How many people enjoy being told what to do? How many actually thrive on it? Most would say "not many". After my weekend, I beg to differ. Yesterday, I had the chance to go downtown to witness Pittsburgh's St. Patrick's Day parade before walking over through the Strip District for lunch. Despite Pittsburgh's modest size (around 60th in terms of population in the United States), we do have one of the largest St. Patrick's Day parades in the country, aside from New York, and perhaps Chicago. The parade is rarely remarkable, but it's something to do on a Saturday morning, and at least half of the audience is families from around the city. It's something positive to see for a change.
...That is, until the parade ends. The other half of spectators are primarily college students or 20-somethings with apparently nothing to study, with money to spend, with tons of extra green and shamrocks to wear, and with poor decisions flowing freely from their brains. Driving through the SouthSide yesterday was akin to having the last car on earth in Walking Dead or War of the Worlds scenario. Rules were completely thrown out the window as revelers took their beverages to the sidewalks, crossed the streets randomly in front of traffic, and moved about in loud, obnoxious packs. Perhaps no longer brave enough to survive these elements, or perhaps wise enough to understand the danger of bored people with nothing to do and nowhere to go, I quickly left the area and went back home to watch some House of Cards.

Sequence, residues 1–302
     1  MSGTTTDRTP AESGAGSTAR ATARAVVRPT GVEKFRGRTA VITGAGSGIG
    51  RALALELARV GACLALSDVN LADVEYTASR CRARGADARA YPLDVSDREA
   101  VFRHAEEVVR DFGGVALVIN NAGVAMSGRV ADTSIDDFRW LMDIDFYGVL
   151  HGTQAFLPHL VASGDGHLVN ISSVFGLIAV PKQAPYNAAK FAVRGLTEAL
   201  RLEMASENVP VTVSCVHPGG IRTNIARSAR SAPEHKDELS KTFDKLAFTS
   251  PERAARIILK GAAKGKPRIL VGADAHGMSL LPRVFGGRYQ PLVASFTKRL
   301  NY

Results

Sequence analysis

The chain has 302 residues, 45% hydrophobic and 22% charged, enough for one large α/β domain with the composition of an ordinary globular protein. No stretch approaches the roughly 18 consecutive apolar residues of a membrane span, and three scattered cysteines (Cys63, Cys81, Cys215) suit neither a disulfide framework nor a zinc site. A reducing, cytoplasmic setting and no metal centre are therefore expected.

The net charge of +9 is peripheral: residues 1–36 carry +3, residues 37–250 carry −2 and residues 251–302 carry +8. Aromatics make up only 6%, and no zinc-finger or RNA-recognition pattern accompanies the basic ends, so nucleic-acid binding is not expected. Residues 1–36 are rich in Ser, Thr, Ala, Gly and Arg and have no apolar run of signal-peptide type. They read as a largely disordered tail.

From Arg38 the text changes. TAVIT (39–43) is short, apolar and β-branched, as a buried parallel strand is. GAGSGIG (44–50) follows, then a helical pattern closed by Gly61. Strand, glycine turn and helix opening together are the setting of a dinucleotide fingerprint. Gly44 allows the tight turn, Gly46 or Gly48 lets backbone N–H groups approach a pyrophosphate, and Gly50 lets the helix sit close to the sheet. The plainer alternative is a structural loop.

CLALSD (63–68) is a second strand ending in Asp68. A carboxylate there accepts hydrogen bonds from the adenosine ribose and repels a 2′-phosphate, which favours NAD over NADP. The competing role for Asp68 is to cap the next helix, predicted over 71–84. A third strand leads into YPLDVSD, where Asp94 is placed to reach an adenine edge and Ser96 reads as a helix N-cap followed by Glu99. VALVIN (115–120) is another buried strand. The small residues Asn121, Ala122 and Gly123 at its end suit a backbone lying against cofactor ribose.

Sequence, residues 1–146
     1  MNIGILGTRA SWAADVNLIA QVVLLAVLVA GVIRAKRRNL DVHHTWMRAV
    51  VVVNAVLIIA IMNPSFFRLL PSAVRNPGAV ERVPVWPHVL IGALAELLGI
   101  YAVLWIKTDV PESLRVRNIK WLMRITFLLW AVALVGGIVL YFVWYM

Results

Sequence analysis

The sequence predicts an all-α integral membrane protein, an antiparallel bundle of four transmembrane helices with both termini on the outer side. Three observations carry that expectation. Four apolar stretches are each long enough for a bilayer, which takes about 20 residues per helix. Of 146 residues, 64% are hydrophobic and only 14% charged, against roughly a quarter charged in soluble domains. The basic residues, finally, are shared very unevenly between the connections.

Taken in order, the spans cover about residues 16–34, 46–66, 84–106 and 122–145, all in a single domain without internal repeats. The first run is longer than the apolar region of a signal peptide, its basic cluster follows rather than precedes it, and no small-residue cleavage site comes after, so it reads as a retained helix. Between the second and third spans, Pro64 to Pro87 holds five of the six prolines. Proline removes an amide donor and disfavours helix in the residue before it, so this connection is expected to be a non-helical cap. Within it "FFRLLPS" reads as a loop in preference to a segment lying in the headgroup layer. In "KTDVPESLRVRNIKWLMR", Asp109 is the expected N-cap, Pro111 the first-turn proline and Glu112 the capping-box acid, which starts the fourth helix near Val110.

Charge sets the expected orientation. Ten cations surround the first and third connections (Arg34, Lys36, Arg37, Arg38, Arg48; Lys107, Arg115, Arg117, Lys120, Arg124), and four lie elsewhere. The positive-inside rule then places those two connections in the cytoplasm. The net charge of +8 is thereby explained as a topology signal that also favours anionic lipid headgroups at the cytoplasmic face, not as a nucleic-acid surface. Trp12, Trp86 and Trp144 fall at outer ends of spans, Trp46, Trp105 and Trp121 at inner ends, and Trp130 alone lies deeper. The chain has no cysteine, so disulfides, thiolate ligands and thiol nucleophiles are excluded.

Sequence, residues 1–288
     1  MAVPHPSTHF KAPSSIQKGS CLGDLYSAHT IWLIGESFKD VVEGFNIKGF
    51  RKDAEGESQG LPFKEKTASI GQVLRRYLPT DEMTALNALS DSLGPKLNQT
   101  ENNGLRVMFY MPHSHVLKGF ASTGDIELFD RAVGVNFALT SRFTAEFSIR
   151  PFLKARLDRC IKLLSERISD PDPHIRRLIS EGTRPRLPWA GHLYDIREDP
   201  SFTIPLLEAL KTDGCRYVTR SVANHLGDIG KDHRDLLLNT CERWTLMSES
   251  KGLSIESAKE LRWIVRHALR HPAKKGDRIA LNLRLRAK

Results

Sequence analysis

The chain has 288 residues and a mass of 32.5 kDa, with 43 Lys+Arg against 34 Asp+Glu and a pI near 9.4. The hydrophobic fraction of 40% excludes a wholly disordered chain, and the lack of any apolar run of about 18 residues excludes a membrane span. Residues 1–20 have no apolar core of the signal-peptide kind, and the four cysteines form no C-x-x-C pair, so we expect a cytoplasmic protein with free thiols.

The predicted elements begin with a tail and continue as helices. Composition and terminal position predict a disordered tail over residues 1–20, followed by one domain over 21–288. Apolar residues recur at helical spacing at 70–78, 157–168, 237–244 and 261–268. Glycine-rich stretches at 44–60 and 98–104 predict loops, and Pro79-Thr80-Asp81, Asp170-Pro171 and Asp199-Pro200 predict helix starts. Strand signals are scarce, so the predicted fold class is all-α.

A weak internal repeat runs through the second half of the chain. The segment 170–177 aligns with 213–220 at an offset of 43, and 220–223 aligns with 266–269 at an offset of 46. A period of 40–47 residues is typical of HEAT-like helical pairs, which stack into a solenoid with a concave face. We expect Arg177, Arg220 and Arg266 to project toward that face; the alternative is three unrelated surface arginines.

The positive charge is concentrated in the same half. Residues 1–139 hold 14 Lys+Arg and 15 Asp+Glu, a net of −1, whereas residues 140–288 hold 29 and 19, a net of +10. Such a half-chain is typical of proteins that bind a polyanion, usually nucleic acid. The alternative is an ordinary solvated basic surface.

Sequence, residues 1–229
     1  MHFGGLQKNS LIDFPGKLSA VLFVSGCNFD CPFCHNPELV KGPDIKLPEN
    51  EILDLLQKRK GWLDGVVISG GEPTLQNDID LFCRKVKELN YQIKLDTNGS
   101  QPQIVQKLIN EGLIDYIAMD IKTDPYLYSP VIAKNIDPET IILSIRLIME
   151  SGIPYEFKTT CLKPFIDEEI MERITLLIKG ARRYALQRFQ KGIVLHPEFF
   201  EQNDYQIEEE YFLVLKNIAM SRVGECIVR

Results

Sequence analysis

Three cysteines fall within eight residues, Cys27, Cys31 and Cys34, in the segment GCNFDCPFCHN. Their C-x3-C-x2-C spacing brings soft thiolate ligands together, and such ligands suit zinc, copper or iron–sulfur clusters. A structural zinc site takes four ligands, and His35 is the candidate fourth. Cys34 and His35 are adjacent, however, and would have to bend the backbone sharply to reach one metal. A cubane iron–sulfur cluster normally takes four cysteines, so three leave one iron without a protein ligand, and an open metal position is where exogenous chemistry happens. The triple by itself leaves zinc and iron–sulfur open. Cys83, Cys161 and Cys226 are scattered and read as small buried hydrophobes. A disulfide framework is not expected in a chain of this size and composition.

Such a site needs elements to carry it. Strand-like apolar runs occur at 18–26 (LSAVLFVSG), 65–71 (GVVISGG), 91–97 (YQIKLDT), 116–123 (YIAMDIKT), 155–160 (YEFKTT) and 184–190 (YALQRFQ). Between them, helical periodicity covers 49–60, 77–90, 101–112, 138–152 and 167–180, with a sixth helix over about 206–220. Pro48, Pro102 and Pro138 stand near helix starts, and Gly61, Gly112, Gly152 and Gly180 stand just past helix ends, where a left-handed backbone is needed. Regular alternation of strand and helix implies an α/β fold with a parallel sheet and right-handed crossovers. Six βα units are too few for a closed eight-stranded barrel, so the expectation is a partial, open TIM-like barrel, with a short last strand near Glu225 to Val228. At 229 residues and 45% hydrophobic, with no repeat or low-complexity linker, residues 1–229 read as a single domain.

What really amazed me was the sheer volume of people ready, willing, and eager to throw a party for absolutely no reason. As much as college students and the general public claim to be independent and express their disdain for authority, they will participate en masse in a giant, profit-making fest in order to celebrate nothing. I saw countless green Penguin jerseys, sold to suckers for a single day of the year. The Strip District was filled with merchandise and gear for a parade designed to celebrate the fact that there was a parade, and a party designed to celebrate the fact that there was a party. At least July 4th, Halloween, the Super Bowl, and Memorial Day have a guiding focus...but this decadent display had no core.
Of course, if people want to (safely and legally) have a fun day with their friends, more power to them. Provided you're not making poor choices, it's not a bad way to spend the day. It's interesting though how many people actually like being told what to do. Too few people today have the courage or the creativity to plan their own festivities, to make their own adventures, or to invent their own memories. The best they can hope for is a share of another movement's required activities, so they can say "me too" when asked about their weekends on Monday.
English Teacher | Instructional Technology Specialist | 2014-15 PBS Digital Innovator | Gamification Researcher | Marathon Runner | Ph.D RMU 2015